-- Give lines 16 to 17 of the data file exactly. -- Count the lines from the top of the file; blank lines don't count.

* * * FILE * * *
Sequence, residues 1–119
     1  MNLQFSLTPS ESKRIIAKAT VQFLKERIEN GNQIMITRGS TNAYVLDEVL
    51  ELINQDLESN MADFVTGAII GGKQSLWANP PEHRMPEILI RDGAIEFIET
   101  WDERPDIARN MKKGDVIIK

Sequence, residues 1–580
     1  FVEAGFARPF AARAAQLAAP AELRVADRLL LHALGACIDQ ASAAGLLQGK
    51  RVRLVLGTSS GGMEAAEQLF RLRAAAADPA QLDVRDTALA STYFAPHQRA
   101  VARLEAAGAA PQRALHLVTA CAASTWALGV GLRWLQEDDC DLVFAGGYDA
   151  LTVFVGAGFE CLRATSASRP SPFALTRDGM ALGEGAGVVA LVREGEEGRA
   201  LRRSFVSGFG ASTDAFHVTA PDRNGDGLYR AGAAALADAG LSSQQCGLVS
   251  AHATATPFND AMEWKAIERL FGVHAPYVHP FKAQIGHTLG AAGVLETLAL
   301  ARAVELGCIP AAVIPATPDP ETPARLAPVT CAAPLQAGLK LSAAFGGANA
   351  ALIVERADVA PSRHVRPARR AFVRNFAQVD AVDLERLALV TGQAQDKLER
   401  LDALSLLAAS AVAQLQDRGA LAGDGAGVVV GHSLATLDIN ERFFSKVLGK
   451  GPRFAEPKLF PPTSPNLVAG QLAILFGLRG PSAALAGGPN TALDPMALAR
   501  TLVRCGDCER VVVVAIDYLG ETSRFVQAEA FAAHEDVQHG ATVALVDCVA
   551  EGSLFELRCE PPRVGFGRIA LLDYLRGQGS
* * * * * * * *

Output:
   501  TLVRCGDCER VVVVAIDYLG ETSRFVQAEA FAAHEDVQHG ATVALVDCVA
   551  EGSLFELRCE PPRVGFGRIA LLDYLRGQGS